For the first time since 1828, the traditional three-day pilgrimage will not take place on Lough Derg this summer.

The decision to suspend the season was confirmed this morning by the Prior of the pilgrimage island in Co Donegal, though it did not come as a surprise.

On 1 June, the normal start of the season, Fr La Flynn travelled to Lough Derg to stay there alone until 15 August, the end of the usual season, to ensure that the centuries old tradition of prayer on the island would remain unbroken.

He explained then that the last time the three-day pilgrimage season had been suspended in 1828 was due to a row with boat-men over issues including the sale of poitín to pilgrims.

On 1 June, it was Covid-19 which saw the start of the season suspended and it was unclear at that point if it would be possible to have any pilgrims on the island at all this summer.

With that in mind, Fr Flynn invited people to join him remotely on the weekend of 27-29 June to "do Lough Derg from wherever you are on".

Fr Flynn said it was not an easy decision to suspend the pilgrimages entirely for this season but striking the right balance between Covid-safety and welcoming pilgrims back to Lough Derg with confidence was the deciding factor.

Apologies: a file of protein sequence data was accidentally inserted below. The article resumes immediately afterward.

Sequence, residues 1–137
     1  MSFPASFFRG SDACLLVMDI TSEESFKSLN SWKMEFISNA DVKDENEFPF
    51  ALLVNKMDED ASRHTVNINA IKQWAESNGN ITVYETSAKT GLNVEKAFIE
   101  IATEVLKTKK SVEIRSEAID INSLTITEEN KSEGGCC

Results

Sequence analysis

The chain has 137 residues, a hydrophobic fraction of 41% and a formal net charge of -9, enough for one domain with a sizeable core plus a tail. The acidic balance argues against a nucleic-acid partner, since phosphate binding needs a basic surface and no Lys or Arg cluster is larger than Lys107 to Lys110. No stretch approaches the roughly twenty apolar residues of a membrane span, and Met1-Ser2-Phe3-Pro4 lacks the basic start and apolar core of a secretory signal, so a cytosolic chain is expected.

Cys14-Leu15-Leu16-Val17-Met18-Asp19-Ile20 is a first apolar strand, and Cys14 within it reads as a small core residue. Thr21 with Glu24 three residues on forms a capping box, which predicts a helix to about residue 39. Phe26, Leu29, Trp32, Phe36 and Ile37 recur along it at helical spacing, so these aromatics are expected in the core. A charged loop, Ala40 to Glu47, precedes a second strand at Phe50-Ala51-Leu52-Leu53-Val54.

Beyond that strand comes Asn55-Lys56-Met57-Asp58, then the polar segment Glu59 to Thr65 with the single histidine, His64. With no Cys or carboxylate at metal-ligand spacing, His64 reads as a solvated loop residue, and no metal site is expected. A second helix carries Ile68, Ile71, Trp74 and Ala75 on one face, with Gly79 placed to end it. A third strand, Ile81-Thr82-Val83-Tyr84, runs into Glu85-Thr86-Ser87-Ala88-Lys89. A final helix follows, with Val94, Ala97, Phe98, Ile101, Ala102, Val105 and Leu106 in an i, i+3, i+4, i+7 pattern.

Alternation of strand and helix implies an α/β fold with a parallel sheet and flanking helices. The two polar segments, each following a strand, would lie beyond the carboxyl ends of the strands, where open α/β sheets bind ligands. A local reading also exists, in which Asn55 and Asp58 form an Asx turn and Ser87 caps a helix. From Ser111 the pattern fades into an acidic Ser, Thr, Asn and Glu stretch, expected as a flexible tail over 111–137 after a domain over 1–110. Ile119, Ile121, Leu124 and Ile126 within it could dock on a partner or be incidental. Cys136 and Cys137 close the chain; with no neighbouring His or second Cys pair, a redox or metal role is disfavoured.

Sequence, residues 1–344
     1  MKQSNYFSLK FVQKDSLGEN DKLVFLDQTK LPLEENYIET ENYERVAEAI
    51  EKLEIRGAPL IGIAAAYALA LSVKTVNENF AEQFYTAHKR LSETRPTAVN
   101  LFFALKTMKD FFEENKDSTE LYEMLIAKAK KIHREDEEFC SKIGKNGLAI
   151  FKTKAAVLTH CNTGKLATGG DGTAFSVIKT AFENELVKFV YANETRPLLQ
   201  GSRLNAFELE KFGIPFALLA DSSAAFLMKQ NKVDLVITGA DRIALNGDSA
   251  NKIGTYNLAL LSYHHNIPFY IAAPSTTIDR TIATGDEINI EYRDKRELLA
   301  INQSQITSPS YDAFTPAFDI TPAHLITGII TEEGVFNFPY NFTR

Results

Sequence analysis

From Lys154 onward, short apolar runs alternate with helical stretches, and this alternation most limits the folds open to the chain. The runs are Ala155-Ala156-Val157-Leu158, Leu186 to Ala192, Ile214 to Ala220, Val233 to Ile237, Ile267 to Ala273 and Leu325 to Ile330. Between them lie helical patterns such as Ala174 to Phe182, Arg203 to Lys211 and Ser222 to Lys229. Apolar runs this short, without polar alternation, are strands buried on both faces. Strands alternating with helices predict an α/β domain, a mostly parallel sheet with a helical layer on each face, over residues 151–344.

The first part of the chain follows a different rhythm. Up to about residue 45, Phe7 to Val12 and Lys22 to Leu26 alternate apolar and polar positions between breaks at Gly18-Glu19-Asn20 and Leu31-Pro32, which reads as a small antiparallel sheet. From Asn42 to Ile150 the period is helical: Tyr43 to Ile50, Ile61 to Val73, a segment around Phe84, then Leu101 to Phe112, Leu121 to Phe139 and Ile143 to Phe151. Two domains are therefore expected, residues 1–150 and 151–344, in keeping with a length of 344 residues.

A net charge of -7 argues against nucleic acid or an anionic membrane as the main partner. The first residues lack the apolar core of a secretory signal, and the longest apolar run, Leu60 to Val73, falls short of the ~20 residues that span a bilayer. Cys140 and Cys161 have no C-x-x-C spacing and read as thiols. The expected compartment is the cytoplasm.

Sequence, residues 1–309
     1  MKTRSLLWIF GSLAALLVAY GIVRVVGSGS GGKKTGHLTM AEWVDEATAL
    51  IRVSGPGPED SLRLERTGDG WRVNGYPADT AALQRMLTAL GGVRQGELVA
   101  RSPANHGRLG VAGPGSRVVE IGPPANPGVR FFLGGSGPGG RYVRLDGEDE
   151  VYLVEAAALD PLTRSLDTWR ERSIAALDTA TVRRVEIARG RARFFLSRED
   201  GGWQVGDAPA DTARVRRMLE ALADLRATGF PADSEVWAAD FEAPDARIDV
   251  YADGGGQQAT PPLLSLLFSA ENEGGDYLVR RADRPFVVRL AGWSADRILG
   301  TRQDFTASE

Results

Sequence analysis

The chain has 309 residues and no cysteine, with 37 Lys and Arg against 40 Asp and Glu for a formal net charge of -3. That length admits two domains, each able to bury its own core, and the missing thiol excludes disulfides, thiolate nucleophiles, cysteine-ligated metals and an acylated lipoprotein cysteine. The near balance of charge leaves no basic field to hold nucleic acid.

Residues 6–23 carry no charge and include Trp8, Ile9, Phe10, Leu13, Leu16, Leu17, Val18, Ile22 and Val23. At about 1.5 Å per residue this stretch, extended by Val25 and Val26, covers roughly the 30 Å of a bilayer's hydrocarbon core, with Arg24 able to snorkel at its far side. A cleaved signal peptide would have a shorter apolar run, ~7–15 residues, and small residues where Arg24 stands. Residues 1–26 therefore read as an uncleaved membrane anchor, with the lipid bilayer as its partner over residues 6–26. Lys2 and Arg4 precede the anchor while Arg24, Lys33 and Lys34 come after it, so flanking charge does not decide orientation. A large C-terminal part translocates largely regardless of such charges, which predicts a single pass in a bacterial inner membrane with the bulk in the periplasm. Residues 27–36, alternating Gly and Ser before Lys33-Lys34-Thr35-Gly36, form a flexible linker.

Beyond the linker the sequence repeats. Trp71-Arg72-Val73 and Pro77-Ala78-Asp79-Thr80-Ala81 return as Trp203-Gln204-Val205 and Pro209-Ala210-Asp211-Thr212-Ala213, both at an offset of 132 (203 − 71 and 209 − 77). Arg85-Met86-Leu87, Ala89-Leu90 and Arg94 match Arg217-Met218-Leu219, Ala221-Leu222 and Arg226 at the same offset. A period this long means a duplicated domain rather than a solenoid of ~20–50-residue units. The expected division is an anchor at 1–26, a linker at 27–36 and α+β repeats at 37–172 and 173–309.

"As pilgrims know from experience, by its very nature the pilgrimage is a tactile one, pilgrim hands and feet in touch with the stones on the penitential beds - this is at the heart of what it means 'to do the pilgrimage' on Lough Derg".

Every year 5,000 pilgrims do the three-day pilgrimage on Lough Derg and Fr Flynn acknowledged that many pilgrims will be disappointed by the news that Lough Derg will not reopen "as many other aspects of life move, rather carefully, back towards what used to be normal". 

However, he said the Covid-related measures essential to ensure pilgrim and staff safety would compromise the traditional welcome to the island and all other aspects of the pilgrimage, and the confined space both indoors and outdoors on the island was the ultimate deciding factor.

The Prior said he has not forgotten the scores of local seasonal staff and the many young people who rely on summer work on the island.

Lough Derg is now facing substantial financial pressure, he said, as the resources that sustain the island come from the generous contributions of pilgrims.

Fr Flynn said he intends to open in a limited way on the lakeshore from 6 July and is also hoping that it may be possible to return to Station Island in the later part of the summer when they normally offer day trips.